Caregiving for the elderly can be difficult, boring, physically and psychologically demanding. I think these people just could not take it anymore. So there was a constant churn of caregivers. Your situation will continue for these reasons.

It sounds like your mother needs at least an Assisted Living arrangement, and if she has dementia or cognitive issues, may already need Memory Care. If physically frail and in need of continual nursing care, she may need a nursing home. Some places arrange for a continuum of care through those phases.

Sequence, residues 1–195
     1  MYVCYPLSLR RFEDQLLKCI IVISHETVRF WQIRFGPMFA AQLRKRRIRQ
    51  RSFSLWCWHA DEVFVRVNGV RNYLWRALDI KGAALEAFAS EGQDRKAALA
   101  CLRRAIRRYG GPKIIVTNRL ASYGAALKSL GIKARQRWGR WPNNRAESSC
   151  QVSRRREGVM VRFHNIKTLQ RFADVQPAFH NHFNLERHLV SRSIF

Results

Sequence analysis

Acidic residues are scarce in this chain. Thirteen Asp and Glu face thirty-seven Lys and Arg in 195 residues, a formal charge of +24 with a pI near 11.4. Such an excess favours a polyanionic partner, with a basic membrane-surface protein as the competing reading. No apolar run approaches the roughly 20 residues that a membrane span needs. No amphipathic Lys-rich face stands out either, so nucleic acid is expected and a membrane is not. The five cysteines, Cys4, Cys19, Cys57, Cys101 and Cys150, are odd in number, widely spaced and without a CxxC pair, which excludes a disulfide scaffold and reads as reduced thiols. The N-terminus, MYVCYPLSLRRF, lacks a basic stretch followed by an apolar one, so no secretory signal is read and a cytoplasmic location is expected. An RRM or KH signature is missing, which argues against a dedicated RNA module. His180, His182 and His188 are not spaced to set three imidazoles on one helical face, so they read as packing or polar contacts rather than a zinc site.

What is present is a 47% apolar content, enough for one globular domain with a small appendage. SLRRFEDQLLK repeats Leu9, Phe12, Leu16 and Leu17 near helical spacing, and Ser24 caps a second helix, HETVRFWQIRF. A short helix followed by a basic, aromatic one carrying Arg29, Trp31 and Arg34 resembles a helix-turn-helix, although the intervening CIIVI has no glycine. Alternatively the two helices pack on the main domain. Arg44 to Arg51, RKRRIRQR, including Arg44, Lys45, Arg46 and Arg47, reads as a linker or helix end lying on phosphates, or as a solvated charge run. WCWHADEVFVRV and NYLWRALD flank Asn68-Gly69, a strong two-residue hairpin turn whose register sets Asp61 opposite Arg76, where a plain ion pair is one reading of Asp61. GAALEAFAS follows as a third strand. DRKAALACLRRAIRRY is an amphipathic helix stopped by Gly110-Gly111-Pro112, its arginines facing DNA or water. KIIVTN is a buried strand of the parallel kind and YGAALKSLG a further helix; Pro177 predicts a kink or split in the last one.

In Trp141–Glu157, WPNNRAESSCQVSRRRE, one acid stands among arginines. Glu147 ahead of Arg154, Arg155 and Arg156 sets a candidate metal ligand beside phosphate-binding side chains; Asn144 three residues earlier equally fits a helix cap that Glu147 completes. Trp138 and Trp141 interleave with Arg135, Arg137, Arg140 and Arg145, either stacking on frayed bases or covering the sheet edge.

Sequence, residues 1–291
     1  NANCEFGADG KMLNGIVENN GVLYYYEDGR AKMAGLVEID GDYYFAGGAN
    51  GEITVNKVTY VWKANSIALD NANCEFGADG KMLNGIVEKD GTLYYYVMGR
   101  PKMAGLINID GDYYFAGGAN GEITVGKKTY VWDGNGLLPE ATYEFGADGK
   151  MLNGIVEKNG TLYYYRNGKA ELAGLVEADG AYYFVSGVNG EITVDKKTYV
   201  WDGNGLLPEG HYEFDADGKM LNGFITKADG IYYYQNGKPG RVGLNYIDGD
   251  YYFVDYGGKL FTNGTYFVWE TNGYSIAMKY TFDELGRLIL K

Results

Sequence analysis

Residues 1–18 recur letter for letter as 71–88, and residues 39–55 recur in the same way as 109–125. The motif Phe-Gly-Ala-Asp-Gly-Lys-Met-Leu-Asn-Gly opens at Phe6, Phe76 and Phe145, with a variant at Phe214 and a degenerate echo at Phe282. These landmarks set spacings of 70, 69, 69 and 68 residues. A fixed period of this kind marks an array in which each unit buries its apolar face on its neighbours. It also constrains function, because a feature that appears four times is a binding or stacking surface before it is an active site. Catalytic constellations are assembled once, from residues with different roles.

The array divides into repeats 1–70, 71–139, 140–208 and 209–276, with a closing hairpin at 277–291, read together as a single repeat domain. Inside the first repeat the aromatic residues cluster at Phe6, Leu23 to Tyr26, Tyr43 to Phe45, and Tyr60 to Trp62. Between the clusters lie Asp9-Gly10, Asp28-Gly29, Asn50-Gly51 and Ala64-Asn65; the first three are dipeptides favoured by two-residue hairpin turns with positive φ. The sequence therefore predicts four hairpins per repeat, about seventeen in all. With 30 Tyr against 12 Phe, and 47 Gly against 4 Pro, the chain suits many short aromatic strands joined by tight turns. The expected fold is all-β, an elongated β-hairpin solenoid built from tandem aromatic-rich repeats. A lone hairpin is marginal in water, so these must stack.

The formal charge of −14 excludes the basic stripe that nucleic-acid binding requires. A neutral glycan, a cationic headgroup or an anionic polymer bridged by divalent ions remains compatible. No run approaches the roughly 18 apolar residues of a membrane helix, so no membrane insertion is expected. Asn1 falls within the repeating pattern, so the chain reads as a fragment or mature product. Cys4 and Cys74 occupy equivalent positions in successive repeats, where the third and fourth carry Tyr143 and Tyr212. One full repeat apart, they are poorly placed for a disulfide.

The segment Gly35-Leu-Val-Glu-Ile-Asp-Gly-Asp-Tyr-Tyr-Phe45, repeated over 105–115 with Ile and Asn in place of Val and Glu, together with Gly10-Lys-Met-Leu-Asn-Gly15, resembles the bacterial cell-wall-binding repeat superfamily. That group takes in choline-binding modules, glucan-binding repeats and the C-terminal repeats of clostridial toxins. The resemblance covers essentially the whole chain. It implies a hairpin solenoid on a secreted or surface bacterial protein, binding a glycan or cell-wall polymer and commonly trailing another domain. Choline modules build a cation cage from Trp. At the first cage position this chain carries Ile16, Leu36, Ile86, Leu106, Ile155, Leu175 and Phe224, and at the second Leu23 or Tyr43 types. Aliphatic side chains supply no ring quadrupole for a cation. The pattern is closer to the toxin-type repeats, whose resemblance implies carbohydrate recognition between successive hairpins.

I'd give her the straight talk about her needs and the fact that Assisted Living, good ones, have the same staff present for extended periods of time. The care will be more constant and the staff will know your mother's likes and dislikes. To try to arrange caregiving at home and ensure quality and consistency, you'd have to make yourself her geriatric case manager. That's really a full time job in many cases
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Reply to BBS2019